Director: Carla Simón
Stars: Anna Otin, Josep Abad, Jordi Pujol Dolcet
Having elicited all the right noises for her delicately observed and small scale feature debut Summer of 1993, Spanish filmmaker Carla Simón capitalises on that initial promise with her sophomore feature Alcarràs, named after the Catalonian region in which it is based. Summer of 1993 particularly drew attention for the naturalistic performances that Simón managed to draw from children, and its a gift that is cemented here; an ability that seems only matched in the present cinematic climate by the mighty Céline Sciamma.
But Simón’s narrative ambitions have also grown. Where her last focused in specifically on a child reeling from a trauma too vast to yet understand, her follow-up branches out to all tendrils of a family facing sudden and inexorable change. The Solé family farm peaches on land owned by an urban entrepreneur; a deal struck between this scarcely seen luminary and the family’s grandfatherly patriarch Rogelio (Josep Abad) decades prior without anything put to paper. Now the land is being sold to make way for solar farms and the Solés have no recourse to counter. They’ve not the money to buy the land outright. This harvest, then, will be their last.
Quimet (Jordi Pujol Dolcet) and his wife Dolors (Anna Otin) have put their lives into the land and see little to do but carry on until they can’t. Quimet’s years of toil have wrought him a painful back ailment. Dolors is, in effect, his spine – a no-nonsense mother figure who is no stranger to hard work herself. Eldest son Roger (Albert Bosch) flits between impassioned worker and clubbing lout, all while secretly tending his own illicit crop hidden within a neighbouring corn field (a youthful indiscretion but also, tellingly, an extracurricular financial lifeboat). Mariona (Xènia Roset) is a typically sullen, taciturn teenager who’d rather be practicing her dance moves for the upcoming local festivities. Running circles around them all is the family’s youngest, Iris (Ainet Jounou), who loves nothing more than playing with her twin cousins Pere and Pau (Isaac and Joel Rovira).
If Iris, Pere and Pau represent a safety-net of familiarity for Simón, the diverse range of older characters find her a quick study in a disparate array of human behaviours. The vérité style of filming (loose, handheld) leans into this further. At it’s best Alcarràs has the capacity to genuinely fool its audience. The sense of authenticity is so effortless, so lightly captured, that stretches play convincingly like a documentary. It’s there in the hyperactivity of family frolics in and around a swimming pool, in similarly agitated scenes of proletariat activism, and in the more studied, detached moments (a stirring shot of Rogelio lit only by the moonlight bouncing off of a growing number of solar panels).
What makes Alcarràs feel so authentic is what’s missing. Grassroots, working class or otherwise agrarian cinema has the frequent potential to come across as overbearing, sentimental or condescending. Middle class accountings of the hardships of lowly counterparts. Simón – drawing from her own past for elements – avoids such pitfalls. There are no tragic deaths to underscore her politics. No family feuds captured with the leering gaze of a Jerry Spinger or Jeremy Kyle episode. No false-promises with which to manipulate a viewer’s heartstrings. Alcarràs steadfastly refuses to make broad-stroke melodrama out of the lives of its inhabitants. Because of this it detours around the preachy handwringing that has marred the work of champagne social realists.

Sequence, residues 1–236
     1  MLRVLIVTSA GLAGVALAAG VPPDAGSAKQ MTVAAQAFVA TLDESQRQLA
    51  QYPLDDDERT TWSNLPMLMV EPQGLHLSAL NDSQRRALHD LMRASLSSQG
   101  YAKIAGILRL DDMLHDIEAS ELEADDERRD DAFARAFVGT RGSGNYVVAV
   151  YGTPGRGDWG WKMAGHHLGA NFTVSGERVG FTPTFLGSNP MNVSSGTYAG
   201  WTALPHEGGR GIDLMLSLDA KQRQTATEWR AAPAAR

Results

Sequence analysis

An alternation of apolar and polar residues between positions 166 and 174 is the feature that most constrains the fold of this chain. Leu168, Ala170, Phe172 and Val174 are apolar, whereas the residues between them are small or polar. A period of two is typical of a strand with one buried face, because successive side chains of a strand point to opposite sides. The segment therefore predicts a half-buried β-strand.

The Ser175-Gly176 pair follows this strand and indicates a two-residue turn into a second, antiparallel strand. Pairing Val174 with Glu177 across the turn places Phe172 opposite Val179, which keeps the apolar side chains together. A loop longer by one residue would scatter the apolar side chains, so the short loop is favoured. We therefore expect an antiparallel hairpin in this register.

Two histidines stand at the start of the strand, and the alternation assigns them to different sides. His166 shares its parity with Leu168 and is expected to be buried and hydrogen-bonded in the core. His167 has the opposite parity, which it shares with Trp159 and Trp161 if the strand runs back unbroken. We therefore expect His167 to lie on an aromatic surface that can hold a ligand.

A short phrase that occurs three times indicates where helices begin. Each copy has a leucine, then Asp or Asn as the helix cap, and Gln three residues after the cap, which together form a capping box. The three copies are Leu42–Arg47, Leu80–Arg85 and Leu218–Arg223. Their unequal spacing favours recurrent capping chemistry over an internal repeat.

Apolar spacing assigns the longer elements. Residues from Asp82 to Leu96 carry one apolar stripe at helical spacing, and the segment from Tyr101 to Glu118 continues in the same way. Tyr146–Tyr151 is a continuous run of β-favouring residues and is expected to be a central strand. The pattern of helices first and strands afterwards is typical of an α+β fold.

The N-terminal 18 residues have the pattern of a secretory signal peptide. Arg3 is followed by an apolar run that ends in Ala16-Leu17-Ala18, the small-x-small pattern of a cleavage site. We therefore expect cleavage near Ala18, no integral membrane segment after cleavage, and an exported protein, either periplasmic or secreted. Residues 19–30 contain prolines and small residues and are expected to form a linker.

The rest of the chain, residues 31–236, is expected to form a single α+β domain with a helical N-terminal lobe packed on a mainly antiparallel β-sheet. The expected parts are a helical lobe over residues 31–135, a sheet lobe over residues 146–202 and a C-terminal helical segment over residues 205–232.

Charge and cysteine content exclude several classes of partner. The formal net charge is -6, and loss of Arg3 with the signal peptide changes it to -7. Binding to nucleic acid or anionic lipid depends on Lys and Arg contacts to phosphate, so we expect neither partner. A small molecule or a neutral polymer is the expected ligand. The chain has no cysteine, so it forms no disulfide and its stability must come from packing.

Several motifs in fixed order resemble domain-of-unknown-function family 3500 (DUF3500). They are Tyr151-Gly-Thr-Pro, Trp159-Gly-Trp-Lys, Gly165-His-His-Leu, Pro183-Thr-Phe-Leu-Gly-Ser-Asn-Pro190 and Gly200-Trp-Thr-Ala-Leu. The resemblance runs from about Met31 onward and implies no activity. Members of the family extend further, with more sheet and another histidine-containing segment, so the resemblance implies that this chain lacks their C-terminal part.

What it does do is immerse us in a world away from our own. Few and precious are those visits to the cinema where you feel as though you have been transported convincingly and comprehensively into another way of life. Alcarràs presents an exceedingly specific and frequently unseen world to outsiders and through Simón’s light-as-air approach grounds us in a world that is eminently interesting regardless of the scale of the drama.
Simón is capable of jolting her audience, however. One harsh cut early on is punctured by the retort of a shotgun as, in the dead of night, the men hunt the rabbits feeding on their precious crop of peach trees. Dead rabbits come to feel like a harbinger of the manmade blight to come, but overall Simón doesn’t weigh her work down with heavy-handed symbolism. Neither is Alcarràs overly burdened by the sense of inevitable tragedy set up in it’s opening stretch. A couple of narrative moves prompt the possibility of a way out for the family, but these are left tantalisingly and judiciously underdeveloped (which is the exact right amount of development in this case).
What feels more effectively melancholic is the Solé’s unspoken decision to do nothing about the imminent threat to their existence, suggestive of a way of life so pridefully worn-in as to make abandonment unthinkable. They are all rabbits in the headlights, so to speak. Rogelio’s presence roots the family’s labor in Spanish history. He continues to make offerings of figs to the man who is set to end his legacy. Ineffectual, such overtures don’t even feel like desperate bribes, but rather evidence of a guileless respect for the worth of a handshake even as it is reneged upon. Alcarràs carries this undercurrent of sadness, but it doesn’t wallow there. Bright, effervescent but coyly angry about the unfeeling march of progress, this is inclusive activist cinema that also feels like a peek behind a curtain most never knew existed. Expertly played and expertly crafted.